Farmers are fighting for the right to repair their own equipment. “Right to Repair” bills in 11 state legislatures outline requirements that manufacturers provide the means necessary to make timely and cost-effective repairs in the field and at home.
As things currently stand, owners of agricultural equipment often do not have the tools necessary to fix their own equipment. In rural areas where manufacturer’s technicians may not be available for days, or even weeks, deadlines for harvesting may pass, losing farmers contracts and capital, while wasting precious commodities.
Why can’t farmers repair their own equipment? Modern farm equipment often requires codes to access software as well as special tools and parts. And pushback from some manufacturers worried about releasing trade secrets and bypassing emissions controllers may keep things that way. According to multiple news sources, those who oppose the “right to repair” bills are saying that the government should not be forcing the sale of company’s intellectual property.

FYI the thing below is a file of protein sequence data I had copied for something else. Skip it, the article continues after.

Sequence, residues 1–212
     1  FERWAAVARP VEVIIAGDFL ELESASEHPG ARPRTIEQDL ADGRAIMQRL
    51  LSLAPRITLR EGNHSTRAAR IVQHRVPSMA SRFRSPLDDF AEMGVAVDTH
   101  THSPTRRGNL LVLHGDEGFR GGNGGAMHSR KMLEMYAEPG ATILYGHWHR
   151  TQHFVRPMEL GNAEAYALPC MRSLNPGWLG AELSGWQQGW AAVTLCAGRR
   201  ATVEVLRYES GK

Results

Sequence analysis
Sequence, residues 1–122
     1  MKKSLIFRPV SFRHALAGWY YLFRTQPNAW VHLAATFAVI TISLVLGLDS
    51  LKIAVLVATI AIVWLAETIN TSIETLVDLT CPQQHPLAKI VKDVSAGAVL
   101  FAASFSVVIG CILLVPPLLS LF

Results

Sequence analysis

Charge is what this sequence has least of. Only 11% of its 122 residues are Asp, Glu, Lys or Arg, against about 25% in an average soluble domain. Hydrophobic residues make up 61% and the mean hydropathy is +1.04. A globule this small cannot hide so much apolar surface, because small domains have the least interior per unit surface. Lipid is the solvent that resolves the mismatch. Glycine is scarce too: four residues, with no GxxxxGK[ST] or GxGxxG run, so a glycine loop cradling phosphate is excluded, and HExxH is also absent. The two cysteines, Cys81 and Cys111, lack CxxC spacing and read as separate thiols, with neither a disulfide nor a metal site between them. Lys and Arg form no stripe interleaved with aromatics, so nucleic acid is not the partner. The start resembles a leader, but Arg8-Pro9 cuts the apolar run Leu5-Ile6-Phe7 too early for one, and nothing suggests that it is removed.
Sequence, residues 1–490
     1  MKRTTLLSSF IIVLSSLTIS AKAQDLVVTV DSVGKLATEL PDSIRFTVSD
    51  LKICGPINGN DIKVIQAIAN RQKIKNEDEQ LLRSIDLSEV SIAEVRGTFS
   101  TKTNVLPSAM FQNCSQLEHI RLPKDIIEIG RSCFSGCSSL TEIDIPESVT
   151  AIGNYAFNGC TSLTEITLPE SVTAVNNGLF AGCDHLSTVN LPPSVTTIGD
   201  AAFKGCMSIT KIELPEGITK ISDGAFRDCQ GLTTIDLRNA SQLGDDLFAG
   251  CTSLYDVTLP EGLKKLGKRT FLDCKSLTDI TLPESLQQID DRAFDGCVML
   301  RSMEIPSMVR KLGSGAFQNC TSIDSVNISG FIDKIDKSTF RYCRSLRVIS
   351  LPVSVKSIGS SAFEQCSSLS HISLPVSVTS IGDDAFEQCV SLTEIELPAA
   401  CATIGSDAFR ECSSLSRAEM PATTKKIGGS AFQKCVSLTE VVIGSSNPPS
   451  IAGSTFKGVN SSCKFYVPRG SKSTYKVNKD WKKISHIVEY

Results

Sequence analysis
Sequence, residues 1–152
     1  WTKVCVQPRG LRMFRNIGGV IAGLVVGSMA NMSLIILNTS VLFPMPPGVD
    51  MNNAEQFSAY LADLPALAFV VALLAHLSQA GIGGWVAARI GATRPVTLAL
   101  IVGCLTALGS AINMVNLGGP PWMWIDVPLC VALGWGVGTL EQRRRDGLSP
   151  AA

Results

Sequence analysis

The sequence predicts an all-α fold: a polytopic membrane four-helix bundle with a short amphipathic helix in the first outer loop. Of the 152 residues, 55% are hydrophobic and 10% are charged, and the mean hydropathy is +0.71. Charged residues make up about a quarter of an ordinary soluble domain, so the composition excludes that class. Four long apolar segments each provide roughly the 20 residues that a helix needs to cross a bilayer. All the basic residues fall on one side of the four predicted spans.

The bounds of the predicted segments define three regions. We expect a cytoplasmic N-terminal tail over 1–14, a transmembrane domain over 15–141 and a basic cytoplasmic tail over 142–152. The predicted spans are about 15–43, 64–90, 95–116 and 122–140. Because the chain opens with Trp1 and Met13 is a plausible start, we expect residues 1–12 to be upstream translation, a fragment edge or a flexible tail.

“It’s simple: Farmers should be able to fix their own tractors. But manufacturer-imposed repair restrictions allow manufacturers to determine who does the repair, when and for how much. We need to give farmers repair choices and let them get back to producing the food that goes on our tables. Farmers are asking for help — the Senate should pass the Agricultural Right to Repair Act to make it clear that they are listening,” said Kevin O’Reilly, Right to Repair Campaign Director at the U.S. Public Interest Research Group.
One of the most recent additions to state legislatures is Colorado’s HB23-1011, a bill that require manufacturers to provide parts, embedded software, firmware, tools, and documentation to independent repair providers and owners.
The bill folds agricultural equipment into the existing consumer right-to-repair statutes, which statutes provide the following:
- A manufacturer’s failure to comply with the requirement to provide resources is a deceptive trade practice
- In complying with the requirement to provide resources, a manufacturer need not divulge any trade secrets to independent repair providers and owners
- Any new contractual provision or other arrangement that a manufacturer enters into that would remove or limit the manufacturer’s obligation to provide resources to independent repair providers and owners is void and unenforceable.
Colorado is joined by 10 states including Florida, Maryland, Missouri, Montana, New Jersey, Texas, and Vermont.
Last month, the American Farm Bureau Federation and John Deere announced a private agreement promising to offer farmers and independent repair shops access to purchase software, manuals, and other tools needed to repair Deere’s equipment.